Date Published: March 31, 2016
Publisher: Public Library of Science
Author(s): Xintong Hu, Jiandong Tai, Zhihui Qu, Songchen Zhao, Li Zhang, Man Li, Xiguang Sun, Yanfang Jiang, Menno C van Zelm.
Henoch—Schoenlein purpura is the one of most common types of systemic vasculitis that involves impaired renal function and Henoch-Schoenlein purpura nephritis (HSPN). The diagnosis of this condition is largely based on immunohistologic detection of immunoglobulin A1-containing immune complex in the glomerular deposits of mesangium. Despite clinical advances, the etiopathogenesis of HSPN is still largely unknown.
In this study, we enrolled 25 newly diagnosed HSPN patients and 14 healthy controls. Then, fractions of B cell subtypes were determined in venous blood using flow cytometry. The serum interleukin (IL)-10 concentration was determined by enzyme-linked immunosorbent assay.
Compared to those in healthy controls, the numbers of CD38+CD19+, CD86+CD19+, CD38+CD86+CD19+, and CD95+CD19+ B cells per microliter of blood were significantly higher in HSPN patients. In contrast, the numbers of CD5+CD19+, IL-10+CD19+, CD5+CD1d+CD19+, and IL-10+CD5+CD1d+CD19+ B cells per microliter of blood and the serum IL-10 concentration were significantly lower in HSPN patients. Following treatment, the numbers of CD38+CD19+ and CD86+CD19+ B cells per microliter of blood were significantly reduced in HSPN patients. However, the numbers of CD5+CD1d+CD19+, CD5+CD1d+IL-10+CD19+, and IL-10+CD19+ B cells per microliter of blood and the serum IL-10 concentration were significantly increased in HSPN patients following treatment. The estimated glomerular filtration rate (eGFR) was negatively correlated with the number of CD38+CD19+ B cells but positively correlated with the numbers of IL-10+CD19+, CD1d+CD5+CD19+, and IL-10+CD1d+CD5+CD19+B cells per microliter of blood and the serum IL-10 concentration. The 24-h urinary protein concentration was positively correlated with the number of CD38+CD19+B cells but negatively correlated with the numbers of IL-10+CD19+, CD1d+CD5+CD19+, and IL-10+CD1d+CD5+CD19+B cells per microliter of blood and the serum IL-10 concentration.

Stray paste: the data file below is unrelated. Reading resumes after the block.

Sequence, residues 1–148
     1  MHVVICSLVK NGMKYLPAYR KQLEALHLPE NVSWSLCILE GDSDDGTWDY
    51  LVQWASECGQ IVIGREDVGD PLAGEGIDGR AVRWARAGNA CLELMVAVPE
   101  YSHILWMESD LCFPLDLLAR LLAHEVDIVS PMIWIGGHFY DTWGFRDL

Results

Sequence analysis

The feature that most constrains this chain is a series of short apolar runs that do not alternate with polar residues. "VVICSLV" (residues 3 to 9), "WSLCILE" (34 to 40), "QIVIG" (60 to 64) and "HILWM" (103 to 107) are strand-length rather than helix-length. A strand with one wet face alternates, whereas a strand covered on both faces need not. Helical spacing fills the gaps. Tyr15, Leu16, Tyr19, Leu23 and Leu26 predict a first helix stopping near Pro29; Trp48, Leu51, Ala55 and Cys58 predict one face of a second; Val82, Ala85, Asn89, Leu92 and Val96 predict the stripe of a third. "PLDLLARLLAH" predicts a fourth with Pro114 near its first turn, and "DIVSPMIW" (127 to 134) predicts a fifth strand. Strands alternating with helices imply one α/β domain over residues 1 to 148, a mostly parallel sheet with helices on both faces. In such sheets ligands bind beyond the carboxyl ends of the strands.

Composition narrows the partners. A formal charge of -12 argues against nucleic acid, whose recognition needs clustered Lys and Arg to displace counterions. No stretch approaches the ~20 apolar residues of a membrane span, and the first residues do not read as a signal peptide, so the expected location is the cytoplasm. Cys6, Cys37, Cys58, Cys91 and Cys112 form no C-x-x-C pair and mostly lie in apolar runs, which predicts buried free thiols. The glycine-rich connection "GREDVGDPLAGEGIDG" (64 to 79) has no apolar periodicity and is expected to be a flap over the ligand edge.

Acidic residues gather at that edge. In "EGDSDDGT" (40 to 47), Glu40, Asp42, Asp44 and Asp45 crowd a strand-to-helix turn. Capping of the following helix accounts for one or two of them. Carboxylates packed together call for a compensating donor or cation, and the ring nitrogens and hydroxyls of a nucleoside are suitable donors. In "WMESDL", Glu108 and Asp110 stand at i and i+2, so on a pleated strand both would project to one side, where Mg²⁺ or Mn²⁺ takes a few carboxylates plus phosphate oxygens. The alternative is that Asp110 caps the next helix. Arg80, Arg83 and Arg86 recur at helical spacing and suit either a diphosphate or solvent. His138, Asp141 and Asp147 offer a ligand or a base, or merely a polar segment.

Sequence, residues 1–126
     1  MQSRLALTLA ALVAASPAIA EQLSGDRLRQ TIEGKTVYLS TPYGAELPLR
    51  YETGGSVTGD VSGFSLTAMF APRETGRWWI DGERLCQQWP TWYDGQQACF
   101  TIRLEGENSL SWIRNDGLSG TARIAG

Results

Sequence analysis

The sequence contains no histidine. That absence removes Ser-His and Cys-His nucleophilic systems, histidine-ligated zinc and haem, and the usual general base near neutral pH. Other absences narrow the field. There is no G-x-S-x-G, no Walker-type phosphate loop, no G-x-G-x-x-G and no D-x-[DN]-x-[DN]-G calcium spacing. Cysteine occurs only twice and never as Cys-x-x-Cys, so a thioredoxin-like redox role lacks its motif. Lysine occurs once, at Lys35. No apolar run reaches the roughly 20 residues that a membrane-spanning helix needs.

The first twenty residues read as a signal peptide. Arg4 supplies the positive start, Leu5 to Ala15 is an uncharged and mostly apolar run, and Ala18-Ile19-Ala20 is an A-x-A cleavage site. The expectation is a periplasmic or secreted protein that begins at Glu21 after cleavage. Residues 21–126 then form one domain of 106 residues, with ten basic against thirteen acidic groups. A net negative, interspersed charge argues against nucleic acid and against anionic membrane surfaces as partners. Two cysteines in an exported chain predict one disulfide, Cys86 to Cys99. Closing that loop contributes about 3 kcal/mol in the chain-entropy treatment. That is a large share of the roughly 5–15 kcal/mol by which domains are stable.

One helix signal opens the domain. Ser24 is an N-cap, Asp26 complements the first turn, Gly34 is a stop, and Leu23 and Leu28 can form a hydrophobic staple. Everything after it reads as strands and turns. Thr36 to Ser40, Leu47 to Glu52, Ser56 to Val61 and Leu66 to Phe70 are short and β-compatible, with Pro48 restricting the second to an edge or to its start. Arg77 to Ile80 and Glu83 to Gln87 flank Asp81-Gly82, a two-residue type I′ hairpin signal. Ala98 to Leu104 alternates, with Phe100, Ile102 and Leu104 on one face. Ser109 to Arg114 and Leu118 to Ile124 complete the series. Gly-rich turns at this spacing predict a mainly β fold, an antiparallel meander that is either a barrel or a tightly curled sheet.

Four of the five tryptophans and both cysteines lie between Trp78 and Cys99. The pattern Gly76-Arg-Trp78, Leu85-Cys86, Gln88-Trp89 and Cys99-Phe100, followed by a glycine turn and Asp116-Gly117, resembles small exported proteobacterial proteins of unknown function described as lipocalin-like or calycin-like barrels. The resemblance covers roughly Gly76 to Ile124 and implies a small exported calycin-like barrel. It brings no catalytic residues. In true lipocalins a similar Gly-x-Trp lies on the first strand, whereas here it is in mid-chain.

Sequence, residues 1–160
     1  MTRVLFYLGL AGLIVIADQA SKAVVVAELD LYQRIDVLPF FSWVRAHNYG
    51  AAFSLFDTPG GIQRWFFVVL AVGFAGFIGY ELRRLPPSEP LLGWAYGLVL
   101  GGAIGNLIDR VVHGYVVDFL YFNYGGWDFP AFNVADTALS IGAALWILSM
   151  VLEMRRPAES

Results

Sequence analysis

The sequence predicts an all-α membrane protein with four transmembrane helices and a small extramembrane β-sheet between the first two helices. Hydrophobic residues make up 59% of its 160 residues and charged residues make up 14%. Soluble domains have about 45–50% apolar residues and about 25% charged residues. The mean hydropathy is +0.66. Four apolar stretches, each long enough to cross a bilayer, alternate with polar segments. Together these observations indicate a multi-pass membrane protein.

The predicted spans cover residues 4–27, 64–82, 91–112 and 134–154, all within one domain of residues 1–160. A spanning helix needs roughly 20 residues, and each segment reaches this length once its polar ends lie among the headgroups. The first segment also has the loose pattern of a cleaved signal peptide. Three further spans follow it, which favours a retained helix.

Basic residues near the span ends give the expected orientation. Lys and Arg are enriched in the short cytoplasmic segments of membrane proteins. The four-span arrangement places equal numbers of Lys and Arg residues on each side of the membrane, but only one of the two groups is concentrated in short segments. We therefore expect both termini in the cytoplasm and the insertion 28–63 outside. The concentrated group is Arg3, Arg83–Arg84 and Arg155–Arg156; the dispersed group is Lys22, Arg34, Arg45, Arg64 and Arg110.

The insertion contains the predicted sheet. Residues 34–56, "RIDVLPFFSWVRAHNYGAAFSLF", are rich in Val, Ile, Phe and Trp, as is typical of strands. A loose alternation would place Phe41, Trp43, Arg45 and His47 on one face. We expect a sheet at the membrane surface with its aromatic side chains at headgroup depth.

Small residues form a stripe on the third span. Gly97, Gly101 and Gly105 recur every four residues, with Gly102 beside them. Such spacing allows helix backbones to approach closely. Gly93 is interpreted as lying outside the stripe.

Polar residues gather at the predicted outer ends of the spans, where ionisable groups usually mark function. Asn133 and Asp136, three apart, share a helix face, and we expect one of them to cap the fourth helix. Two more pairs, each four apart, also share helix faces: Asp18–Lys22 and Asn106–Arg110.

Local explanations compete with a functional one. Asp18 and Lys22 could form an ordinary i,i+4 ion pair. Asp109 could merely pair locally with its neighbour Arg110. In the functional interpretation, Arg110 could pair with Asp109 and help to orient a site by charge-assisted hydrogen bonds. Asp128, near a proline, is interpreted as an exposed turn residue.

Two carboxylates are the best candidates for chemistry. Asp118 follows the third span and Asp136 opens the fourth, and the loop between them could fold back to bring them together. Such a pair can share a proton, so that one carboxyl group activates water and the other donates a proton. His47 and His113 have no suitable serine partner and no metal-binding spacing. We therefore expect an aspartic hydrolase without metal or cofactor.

Our results suggest that CD38+CD19+ and CD1d+CD5+CD19+ B cells (Bregs) contribute to the pathogenesis of HSPN.